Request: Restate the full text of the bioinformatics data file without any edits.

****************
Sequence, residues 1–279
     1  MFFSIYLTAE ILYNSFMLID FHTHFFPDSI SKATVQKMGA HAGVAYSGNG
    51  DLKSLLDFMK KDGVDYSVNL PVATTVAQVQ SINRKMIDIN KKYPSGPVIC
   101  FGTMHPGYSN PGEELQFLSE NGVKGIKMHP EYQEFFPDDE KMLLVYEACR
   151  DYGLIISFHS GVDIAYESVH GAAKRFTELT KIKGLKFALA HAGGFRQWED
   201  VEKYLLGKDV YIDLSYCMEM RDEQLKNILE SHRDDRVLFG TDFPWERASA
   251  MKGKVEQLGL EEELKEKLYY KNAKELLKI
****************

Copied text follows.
Sequence, residues 1–279
     1  MFFSIYLTAE ILYNSFMLID FHTHFFPDSI SKATVQKMGA HAGVAYSGNG
    51  DLKSLLDFMK KDGVDYSVNL PVATTVAQVQ SINRKMIDIN KKYPSGPVIC
   101  FGTMHPGYSN PGEELQFLSE NGVKGIKMHP EYQEFFPDDE KMLLVYEACR
   151  DYGLIISFHS GVDIAYESVH GAAKRFTELT KIKGLKFALA HAGGFRQWED
   201  VEKYLLGKDV YIDLSYCMEM RDEQLKNILE SHRDDRVLFG TDFPWERASA
   251  MKGKVEQLGL EEELKEKLYY KNAKELLKI